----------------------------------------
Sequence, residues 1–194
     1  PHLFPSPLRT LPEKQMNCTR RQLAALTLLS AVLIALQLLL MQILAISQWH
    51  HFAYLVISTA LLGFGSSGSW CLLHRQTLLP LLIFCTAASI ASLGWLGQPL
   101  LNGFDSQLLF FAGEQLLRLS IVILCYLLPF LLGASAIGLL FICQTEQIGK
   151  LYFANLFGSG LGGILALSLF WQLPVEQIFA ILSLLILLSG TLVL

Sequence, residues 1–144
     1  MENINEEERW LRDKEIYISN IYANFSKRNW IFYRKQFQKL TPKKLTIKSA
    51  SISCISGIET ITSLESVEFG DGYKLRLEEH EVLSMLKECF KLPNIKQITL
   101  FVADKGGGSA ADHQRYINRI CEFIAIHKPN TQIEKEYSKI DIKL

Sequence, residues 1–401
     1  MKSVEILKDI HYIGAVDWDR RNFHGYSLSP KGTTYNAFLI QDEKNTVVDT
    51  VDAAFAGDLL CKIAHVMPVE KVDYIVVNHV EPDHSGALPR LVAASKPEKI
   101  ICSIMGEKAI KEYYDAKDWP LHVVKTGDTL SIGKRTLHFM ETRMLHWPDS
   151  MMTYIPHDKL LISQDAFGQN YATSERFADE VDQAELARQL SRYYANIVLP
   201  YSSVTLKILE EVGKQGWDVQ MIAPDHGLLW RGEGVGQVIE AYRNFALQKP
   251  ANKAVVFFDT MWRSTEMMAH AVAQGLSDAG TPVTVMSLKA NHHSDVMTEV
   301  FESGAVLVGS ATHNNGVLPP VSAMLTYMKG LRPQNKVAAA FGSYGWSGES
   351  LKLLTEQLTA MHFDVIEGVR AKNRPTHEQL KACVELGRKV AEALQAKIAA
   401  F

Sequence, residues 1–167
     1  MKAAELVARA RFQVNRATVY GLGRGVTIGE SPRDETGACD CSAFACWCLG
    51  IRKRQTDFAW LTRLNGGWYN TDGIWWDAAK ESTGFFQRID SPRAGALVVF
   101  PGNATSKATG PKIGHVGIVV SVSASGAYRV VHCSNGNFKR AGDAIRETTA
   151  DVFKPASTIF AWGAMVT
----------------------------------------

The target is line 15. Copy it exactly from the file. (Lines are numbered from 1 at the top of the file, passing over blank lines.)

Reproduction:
   201  YSSVTLKILE EVGKQGWDVQ MIAPDHGLLW RGEGVGQVIE AYRNFALQKP